• Currently, the P/E ratio is 21.6x on the back of earnings rebounding last quarter and stock prices advancing in the post-election euphoria, but with the advance in earnings outpacing the gain in stock prices. We stated in the last two ISS’s that the elevated earnings multiple on the S&P 500 could be corrected by a significant drop in stock prices or by a return to positive earnings momentum, a much preferred path.
  • The rebound in earnings last quarter and the pro-growth policies expected from a Trump administration point to the preferred path having a reasonable chance of supporting current P/E ratios, possibly even lowering them a touch if the pace of the rise in earnings exceeds the advance in stock prices.
  • The new hurdle possibly facing stock prices is the era of ultra-low interest rates and bond yields fading into the background. As stated above, we expect the economy to be able to tolerate higher interest rates from the Federal Reserve as the economic outlook improves and inflation warms a touch. This scenario will also result in bond yields rising over the next year. We look for higher common stock prices, with a growing earnings stream being an absolute necessity, with only a moderate rise in inflationary pressures also necessary to restrain the inevitable rise in interest rates and bond yields.

II. Treasury Market

A. Look for Treasury Yields to Rise.

  • Since the Federal Reserve ended its bond buying program in November 2014, we have consistently stated that the fundamental reasons that the yield on the ten-year Treasury note remained at historically low levels were low inflation and the slow pace of growth over the course of this business expansion. We stated that it would take some serious, pro-growth fiscal policy initiatives to push the economy’s growth rate materially higher on a consistent basis to put the era of ultra-low interest rates and bond yields in the rear view mirror.
  • Well, guess what? While policy details are lacking, from all indications coming out of New York from the Trump transition team and from the big picture policy initiatives Mr. Trump espoused on the campaign trail, the U.S. is on the verge of receiving some serious, pro-growth fiscal policy initiatives during the first year of a Trump administration. With the business expansion currently at 89 months, no serious threats of recession on the horizon, and inflation and wages firming a touch, we see higher interest rates and bond yields on the horizon.

Basis Point Change in Yield - Source - Bloomberg

  • In a note we released the morning after the presidential election, we looked for the yield on the ten-year Treasury note to move toward a 2.0% to 2.5% trading range in short order. The ten-year Treasury note closed November 9 at 2.07% and has traded between 2.30% and 2.37% over the past eight trading days, ending November at 2.37%.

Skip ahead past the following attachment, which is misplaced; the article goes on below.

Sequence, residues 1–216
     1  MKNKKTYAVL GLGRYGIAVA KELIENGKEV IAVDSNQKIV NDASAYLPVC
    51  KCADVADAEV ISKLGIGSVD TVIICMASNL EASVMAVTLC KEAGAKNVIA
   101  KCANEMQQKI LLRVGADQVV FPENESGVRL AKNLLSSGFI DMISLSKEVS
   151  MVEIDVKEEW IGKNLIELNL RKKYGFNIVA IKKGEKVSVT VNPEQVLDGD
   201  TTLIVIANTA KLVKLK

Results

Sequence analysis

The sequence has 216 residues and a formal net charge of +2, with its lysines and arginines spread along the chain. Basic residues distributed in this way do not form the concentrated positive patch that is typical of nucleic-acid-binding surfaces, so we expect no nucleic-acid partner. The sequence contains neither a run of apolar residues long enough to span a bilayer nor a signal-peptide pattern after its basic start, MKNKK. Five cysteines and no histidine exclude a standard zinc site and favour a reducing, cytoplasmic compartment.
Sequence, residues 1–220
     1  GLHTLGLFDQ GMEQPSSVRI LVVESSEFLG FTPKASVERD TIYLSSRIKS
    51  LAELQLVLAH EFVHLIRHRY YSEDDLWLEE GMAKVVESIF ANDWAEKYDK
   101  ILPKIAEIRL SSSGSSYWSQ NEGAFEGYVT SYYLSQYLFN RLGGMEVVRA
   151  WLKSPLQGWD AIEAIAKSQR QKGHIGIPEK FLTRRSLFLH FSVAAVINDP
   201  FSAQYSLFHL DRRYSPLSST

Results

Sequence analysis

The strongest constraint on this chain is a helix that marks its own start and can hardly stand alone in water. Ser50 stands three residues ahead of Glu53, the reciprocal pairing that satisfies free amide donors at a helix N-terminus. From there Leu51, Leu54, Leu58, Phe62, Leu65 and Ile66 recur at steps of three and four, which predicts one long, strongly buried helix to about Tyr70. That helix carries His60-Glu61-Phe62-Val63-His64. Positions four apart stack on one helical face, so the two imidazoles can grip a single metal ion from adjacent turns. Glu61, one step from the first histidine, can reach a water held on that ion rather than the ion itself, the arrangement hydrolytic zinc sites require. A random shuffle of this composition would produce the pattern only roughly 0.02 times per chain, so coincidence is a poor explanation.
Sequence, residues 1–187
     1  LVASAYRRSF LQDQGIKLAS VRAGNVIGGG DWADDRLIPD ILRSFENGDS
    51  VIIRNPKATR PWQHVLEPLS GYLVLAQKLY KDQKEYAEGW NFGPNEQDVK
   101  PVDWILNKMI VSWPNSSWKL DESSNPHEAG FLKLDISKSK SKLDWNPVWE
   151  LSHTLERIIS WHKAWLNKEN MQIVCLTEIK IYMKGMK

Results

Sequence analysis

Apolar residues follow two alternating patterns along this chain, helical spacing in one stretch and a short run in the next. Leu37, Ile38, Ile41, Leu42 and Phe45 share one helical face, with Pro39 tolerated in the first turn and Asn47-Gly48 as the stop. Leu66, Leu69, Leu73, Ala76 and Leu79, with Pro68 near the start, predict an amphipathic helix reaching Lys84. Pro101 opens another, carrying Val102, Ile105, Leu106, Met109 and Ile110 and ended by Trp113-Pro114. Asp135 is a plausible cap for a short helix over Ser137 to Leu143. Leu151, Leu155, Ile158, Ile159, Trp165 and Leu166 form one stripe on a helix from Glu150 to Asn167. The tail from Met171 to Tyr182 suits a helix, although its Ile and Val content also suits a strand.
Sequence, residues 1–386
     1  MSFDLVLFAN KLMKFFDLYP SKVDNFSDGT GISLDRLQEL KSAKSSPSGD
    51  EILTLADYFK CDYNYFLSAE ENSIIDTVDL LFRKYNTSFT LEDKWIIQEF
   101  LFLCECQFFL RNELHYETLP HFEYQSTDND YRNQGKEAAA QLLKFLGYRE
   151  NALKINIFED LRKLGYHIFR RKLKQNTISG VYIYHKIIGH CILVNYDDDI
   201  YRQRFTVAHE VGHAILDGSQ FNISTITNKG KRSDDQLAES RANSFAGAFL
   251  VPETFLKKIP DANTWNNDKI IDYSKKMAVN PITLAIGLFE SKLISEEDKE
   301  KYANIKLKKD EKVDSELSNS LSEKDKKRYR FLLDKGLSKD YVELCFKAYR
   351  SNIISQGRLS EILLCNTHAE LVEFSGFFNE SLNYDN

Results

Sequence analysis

• We expect the 2.0% to 2.5% trading range to remain in place for a while. Once the details of Mr. Trump’s complete economic agenda are unveiled and businesses begin to align themselves for a faster pace of economic growth, we would not be surprised to see the yield on the ten-year Treasury head toward 3.0%, a level we have not seen since late December 2013. Not knowing the exact details of the policy proposals and the pace at which the details will be released makes forecasting the timing of the next move higher in Treasury yields a little difficult.
  • However, one thing we have learned in following the bond market for more than three decades is that the market tends to price in future events faster rather than slower. While we acknowledge that massive bond buying programs are still in place at the Bank of Japan, the Bank of England, and the European Central Bank, we believe they are closer to ending rather than ramping up as we look for policymakers around the globe to follow Mr. Trump’s lead and turn to fiscal policies to revive growth and reflate their economies.
  • While we obviously do not know the actual impact on the federal budget deficit from the still to come policy proposals, we feel it is safe to say that the deficit will grow, at least for the better part of Mr. Trump’s first term. We also look for the Treasury Department to lengthen the average maturity of the nation’s debt and it would not surprise us if the Federal Reserve began to shrink its holding of government securities by stopping the reinvestment of interest payments and maturing securities. Depending on how all this plays out, including the actual impact on the pace of economic activity and inflation, the yield on the ten-year Treasury could easily pass 3% sometime in 2017, setting its sights on 4%, a level we have not seen since October 2008. As always, stay tuned for the details!

Joseph T. Keating
Chief Investment Officer

The opinions and ideas expressed in the commentary are those of the individual making them and not necessarily those of CenterState Bank of Florida, N.A. The statistical information contained herein is obtained from sources deemed reliable, but the accuracy of such information cannot be guaranteed. Past performance is not predictive of future results.

CenterState Bank of Florida offers Investments through NBC Securities, Inc. (NBCS”). NBCS is a broker/dealer and a member FINRA and SIPC. Investment products offered through NBCS (1) are not FDIC insured, (2) are not obligations of or guaranteed by any bank, and (3) involve investment risk and could result in the possible loss of principal.